Fishermen, fishmongers and Menemsha village mainstays gathered at the Chilmark community center on Monday evening to hear a progress report and give input on plans to repair or replace the town’s aging commercial fishing dock.

Select board member Jim Malkin said planning to upgrade the dock, which was built in 1987, began around seven years ago, when the town first started to look at necessary actions to combat the effects of climate change.

As rising sea level has caused more frequent flooding at the dock, Mr. Malkin said, a working group was created to look at “what do we do with the fact that we have this situation, and it’s going to increase?”

Childs Engineering project manager Andrew Nilson outlined the firm’s findings at Monday's meeting.

Led by harbormaster Ryan Rossi, with participation from Peter Neilley, a Chilmark resident and IBM weather scientist, the working group began to assess the present and future of the dock.

In 2021, the town hired Childs Engineering to evaluate the condition of the dock. Project manager Andrew Nilson outlined the firm’s findings at Monday’s forum, saying that the dock had between five and 15 years of life left.

While the steel bulkhead is mostly in good condition, he said, the timber wharf was showing early signs of breaking down, especially the brackets where wood and metal meet.

“Those brackets are heavily corroded, and that’s the weak link in this entire system,” Mr. Nilson said, adding that those components are not expected to last more than five years.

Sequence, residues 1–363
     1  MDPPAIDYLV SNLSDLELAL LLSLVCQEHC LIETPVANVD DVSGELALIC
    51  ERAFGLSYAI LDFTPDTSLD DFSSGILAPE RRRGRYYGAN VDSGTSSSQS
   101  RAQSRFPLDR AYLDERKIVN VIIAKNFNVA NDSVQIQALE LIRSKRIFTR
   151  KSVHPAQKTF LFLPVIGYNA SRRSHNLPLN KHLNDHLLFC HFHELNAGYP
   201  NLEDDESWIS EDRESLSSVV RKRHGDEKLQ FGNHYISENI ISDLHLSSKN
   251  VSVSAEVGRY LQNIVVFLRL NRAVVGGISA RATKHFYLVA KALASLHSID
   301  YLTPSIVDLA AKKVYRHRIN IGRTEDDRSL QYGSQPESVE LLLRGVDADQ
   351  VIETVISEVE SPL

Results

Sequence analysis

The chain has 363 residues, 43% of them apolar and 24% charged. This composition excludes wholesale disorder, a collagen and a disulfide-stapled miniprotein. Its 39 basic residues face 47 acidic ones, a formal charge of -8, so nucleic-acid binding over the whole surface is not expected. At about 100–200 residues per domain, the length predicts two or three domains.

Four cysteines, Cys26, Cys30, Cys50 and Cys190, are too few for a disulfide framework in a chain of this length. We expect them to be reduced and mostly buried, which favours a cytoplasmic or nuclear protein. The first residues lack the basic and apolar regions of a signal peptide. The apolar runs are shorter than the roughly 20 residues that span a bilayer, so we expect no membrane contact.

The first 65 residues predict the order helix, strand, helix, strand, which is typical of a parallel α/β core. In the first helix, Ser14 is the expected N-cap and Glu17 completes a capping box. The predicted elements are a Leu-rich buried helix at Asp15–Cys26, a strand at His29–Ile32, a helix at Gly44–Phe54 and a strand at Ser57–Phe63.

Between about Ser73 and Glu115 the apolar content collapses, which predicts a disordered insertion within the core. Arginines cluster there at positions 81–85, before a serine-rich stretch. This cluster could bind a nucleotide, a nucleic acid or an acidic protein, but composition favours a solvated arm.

Many members of the community attended the presentation.

Replacing those piles, he said, would involve extensive work to disconnect the wharf from the bulkhead before completing repairs.

Although no decisions have been made on whether to replace the dock or repair it to extend its lifespan, early estimates to replace the dock come in at between $3 and $4 million, Mr. Neilley said. He added that up to 80 per cent of the costs could potentially be covered by grant funding.

A tentative timeline presented by Mr. Neilley had the town replacing the dock in 2027 or 2028.

In the coming months the working group plans to host a series of additional meetings to get more input from town residents, Mr. Malkin said.

“This is not a fast-tracked project,” Mr. Malkin said. “We are not rushing into this.”